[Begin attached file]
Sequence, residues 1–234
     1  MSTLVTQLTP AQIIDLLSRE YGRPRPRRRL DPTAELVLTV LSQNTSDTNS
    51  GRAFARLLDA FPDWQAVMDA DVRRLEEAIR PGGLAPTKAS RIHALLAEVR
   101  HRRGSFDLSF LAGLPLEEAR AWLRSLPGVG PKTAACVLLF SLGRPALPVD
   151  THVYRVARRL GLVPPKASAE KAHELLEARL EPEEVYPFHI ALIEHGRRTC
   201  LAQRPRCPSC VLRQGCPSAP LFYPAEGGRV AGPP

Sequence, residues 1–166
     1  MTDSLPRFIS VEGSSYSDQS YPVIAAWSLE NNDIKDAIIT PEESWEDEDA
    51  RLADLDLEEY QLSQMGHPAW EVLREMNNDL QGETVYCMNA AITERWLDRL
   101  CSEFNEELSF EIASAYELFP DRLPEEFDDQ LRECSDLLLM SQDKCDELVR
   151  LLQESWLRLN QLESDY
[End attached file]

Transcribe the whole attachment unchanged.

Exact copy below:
Sequence, residues 1–234
     1  MSTLVTQLTP AQIIDLLSRE YGRPRPRRRL DPTAELVLTV LSQNTSDTNS
    51  GRAFARLLDA FPDWQAVMDA DVRRLEEAIR PGGLAPTKAS RIHALLAEVR
   101  HRRGSFDLSF LAGLPLEEAR AWLRSLPGVG PKTAACVLLF SLGRPALPVD
   151  THVYRVARRL GLVPPKASAE KAHELLEARL EPEEVYPFHI ALIEHGRRTC
   201  LAQRPRCPSC VLRQGCPSAP LFYPAEGGRV AGPP

Sequence, residues 1–166
     1  MTDSLPRFIS VEGSSYSDQS YPVIAAWSLE NNDIKDAIIT PEESWEDEDA
    51  RLADLDLEEY QLSQMGHPAW EVLREMNNDL QGETVYCMNA AITERWLDRL
   101  CSEFNEELSF EIASAYELFP DRLPEEFDDQ LRECSDLLLM SQDKCDELVR
   151  LLQESWLRLN QLESDY